What are some timely issues you’ve encountered in recent cases through Art Recovery? And are there areas where you feel the process for handling cases related to the illegal trade of antiquities can be improved?With respect to antiquities, I think the obvious answer is not to buy anything that doesn’t have a complete provenance. And that seems to be the problem and the message that needs to be put across. It’s shocking that Hobby Lobby didn’t get that message, nor did they listen to the advisors that they hired to help them with that acquisition. What we see here is people buying things without doing any kind of due diligence, and when they do due diligence, they’re not listening to their advisors. So, obviously, it’s a problem. The FBI tried to scare everybody by saying if you buy an unprovenanced antiquity and it came from Syria, you could be charged with aiding international terrorism. That’s enough to scare anybody with any sense. But apparently not enough people have heard this and they continue to buy unprovenanced objects. At the same time, I don’t side with the academics that believe every object of antiquity should not be traded in the marketplace. That’s completely absurd. There are fragments or Roman glass you can buy for $20; they have no contextual importance, no historical importance and no museum of collector really wants them. But to ban their sale is extremist. Just as it’s extremist to think there should be no regulation in the antiquities market. There needs to be a middle ground like anything else.
What about on the side of Nazi-looted art?With Nazi-looted art, it’s a totally different position. I feel that people are hiding Nazi looted works of art, hoping that the victims or the claimants will go away, that they will lose interest, or lose their records, that the claim itself will change or that the law will change—and that’s wrong. I can tell you many cases—I know of looted works of art in Mexico, Austria, Switzerland, Germany and in America. People know they are in possession of Nazi-looted art but they’re hiding them.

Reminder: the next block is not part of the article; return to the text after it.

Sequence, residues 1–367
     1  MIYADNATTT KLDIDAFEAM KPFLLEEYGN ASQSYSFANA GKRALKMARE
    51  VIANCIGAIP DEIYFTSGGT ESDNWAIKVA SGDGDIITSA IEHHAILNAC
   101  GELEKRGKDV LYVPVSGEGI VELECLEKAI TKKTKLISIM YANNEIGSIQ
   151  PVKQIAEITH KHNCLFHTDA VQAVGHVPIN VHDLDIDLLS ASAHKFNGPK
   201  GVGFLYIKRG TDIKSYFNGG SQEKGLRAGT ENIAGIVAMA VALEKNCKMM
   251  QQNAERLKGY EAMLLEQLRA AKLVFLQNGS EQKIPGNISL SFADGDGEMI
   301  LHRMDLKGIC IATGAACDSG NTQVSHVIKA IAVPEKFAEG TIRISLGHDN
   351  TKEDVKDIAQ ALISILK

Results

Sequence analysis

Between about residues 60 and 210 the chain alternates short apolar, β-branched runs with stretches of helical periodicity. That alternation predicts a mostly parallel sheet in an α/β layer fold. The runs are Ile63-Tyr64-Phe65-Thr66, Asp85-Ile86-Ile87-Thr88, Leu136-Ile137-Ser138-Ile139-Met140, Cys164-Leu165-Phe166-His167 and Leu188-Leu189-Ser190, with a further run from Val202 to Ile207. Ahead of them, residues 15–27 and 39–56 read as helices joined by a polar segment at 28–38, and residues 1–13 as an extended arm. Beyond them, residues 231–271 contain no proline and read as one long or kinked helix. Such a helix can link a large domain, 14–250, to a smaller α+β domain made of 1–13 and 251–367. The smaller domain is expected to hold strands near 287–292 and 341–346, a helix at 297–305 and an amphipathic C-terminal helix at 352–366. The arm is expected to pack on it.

Do you make spreading the word about due diligence a personal mission in your work?Every time I recover something there’s always a message. [With] the sword case, the auction house in London, if they had done a simple Google search: “stolen Masonic sword”…Up pops an ad that another group of Masons put out for this particular sword, saying it was stolen….
Every case I have has a message to the trade, or to the collector, to the auction houses, that they need to do something. It’s not just that I’m hard on the trade, I’m hard on collectors as well. Theft victims need to report their thefts; you can’t expect an auction house or an art gallery to do due diligence if you’re not reporting your thefts. They need to report things to a central database like Artive, which doesn’t charge anybody to report a theft…If your sword was stolen, you need to report it to Artive so that an auction house can check it and make sure they’re not selling something they shouldn’t be selling. It works both ways, it’s a message for everybody.
What is it that you enjoy most about what you do?I thoroughly enjoy the negotiating process. I love the give and take, and developing a strategy so that both parties will come to the table and work out an agreement. When that happens I take great pride in knowing that I avoided a major court case, which I know none of the parties really want. But the best part of my job is in that photograph that you saw with the sword, or in the Saint Olave’s church case, where I’m able to return an object to a church, museum, theft victim or charity; I get to talk to them about the object, and they tell me how important it is to their family, their organization or to their church, and what it means to have these objects back. That’s the best part of the job.
Meet 'Good Samaritans' who got stolen de Kooning painting back to UAA painting worth millions, stolen in a brazen, movie-style heist has resurfaced after being missing for 31 years.
The iconic stolen painting worth as much as $160 million. In 1985, Willem de Kooning’s “Woman-ochre” disappeared from the University of Arizona’s Museum of Art.
Police believe a couple walked in and cut the iconic painting from its frame. It remained missing for more than 31 years. Then, in August, a man called the museum saying he’d found the painting at an estate sale.
Museum officials confirmed its authenticity and brought the piece back to UA, where, after some restoration, it will finally find its home once again.